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Checking in on the City’s Brownfields Program

12 Aug 2018 6:04 PM | Anonymous member (Administrator)

By Jarrett Murphy, City Limits (NY)

A city initiative launched nine years ago to fill the gaps in a state program for cleaning up contaminated land has moved faster and more efficiently than its Albany counterpart, a new report finds.

The Bloomberg administration created the Voluntary Cleanup Program in 2009 to address tainted acreage that was ineligible for tax credits under the state’s Brownfield Cleanup Program. Both programs aim to address the legacy of industrial pollution that renders many hundreds of parcels in the city unusable, but the state’s program – born in 2003 – targeted more heavily poisoned land. The city’s VCP, which offers regulatory streamlining and grants to facilitate cleanup, is suited for sites with light to moderate levels of toxicity.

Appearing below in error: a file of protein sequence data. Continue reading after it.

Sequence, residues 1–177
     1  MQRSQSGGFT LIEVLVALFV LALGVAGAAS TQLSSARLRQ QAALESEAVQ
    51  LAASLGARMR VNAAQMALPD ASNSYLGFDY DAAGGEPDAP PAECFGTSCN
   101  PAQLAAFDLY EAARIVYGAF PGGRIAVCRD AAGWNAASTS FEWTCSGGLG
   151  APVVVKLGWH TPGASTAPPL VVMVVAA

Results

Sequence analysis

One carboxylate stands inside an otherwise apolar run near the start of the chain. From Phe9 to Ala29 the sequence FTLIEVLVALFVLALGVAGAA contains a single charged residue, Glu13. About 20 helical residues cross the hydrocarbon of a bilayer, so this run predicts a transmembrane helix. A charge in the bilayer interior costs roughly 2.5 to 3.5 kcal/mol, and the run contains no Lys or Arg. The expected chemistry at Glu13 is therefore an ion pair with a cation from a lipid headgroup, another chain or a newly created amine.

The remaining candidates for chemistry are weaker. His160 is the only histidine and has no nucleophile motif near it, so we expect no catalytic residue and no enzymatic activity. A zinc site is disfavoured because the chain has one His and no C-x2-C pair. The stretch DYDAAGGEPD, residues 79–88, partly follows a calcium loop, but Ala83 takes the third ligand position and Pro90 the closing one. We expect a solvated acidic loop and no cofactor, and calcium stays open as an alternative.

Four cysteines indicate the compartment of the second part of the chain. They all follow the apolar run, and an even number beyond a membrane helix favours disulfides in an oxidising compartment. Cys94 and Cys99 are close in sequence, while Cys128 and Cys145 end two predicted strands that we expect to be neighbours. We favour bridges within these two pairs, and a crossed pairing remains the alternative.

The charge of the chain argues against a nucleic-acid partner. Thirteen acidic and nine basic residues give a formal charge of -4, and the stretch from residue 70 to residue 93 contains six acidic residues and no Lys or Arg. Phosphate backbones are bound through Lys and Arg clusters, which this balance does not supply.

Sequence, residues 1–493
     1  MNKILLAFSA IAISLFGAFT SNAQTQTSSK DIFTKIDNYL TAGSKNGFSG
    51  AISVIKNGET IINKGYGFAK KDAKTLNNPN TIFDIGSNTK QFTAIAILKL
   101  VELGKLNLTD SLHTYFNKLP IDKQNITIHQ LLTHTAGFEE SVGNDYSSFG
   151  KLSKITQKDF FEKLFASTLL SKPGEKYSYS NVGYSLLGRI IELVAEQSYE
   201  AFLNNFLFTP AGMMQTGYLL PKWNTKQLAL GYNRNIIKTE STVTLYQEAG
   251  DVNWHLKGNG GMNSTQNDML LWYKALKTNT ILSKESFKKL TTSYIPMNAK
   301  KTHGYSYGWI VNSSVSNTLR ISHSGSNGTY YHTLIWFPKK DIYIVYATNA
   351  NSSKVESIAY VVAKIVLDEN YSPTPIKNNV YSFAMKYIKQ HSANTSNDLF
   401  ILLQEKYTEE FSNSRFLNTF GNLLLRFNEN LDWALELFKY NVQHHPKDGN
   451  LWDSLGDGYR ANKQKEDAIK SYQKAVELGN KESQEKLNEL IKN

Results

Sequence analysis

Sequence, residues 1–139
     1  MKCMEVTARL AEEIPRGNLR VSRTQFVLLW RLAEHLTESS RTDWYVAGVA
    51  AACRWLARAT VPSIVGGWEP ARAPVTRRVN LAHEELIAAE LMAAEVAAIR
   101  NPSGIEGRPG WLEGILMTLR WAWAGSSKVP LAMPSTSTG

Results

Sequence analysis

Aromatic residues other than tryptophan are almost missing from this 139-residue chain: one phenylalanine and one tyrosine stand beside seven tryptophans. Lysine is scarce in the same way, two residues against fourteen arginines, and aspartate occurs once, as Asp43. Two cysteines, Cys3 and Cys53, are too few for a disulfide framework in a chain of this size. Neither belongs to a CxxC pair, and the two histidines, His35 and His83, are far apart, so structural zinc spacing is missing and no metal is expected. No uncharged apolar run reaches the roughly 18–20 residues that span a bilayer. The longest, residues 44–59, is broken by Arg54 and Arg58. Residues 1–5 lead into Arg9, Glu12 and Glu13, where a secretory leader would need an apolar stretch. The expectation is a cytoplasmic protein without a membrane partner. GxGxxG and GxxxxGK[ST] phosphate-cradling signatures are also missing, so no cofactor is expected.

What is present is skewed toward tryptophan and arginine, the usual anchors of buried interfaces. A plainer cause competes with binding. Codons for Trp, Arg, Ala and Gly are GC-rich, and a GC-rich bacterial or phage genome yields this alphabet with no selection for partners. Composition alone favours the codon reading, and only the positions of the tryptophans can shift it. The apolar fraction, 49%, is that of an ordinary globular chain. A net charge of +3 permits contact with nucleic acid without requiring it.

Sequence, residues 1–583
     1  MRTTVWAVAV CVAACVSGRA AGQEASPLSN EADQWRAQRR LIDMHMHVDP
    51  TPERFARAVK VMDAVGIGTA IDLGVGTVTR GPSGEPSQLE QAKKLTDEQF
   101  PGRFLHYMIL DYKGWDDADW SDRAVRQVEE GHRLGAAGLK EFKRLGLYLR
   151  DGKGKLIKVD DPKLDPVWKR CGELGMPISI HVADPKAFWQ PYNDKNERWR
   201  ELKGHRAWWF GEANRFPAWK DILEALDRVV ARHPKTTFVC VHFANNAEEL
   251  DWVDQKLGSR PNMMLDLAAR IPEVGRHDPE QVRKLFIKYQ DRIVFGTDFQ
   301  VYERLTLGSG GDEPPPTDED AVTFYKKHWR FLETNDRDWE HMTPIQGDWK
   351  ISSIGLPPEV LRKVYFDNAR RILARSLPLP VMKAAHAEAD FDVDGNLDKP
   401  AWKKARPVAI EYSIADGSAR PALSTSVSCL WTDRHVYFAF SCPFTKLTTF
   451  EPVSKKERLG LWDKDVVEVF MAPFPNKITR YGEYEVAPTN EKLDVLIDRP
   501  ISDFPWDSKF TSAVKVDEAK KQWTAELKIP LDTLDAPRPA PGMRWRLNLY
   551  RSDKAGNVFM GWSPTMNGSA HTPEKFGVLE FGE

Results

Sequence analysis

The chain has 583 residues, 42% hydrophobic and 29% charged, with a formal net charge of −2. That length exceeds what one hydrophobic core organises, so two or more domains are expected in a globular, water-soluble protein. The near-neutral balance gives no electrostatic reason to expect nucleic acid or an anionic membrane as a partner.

According to a report released this week by the Furman Center at New York University, the city program has enrolled an impressive number of sites—560 since 2009 – compared with statewide programs that started earlier, like New York’s 713 since 2003, or Illinois’ 799 since 1994. The biggest year in the city so far was 2015, when 153 applications were made; in 2017, there were 68.

For the entire article, see


To download the report, go to


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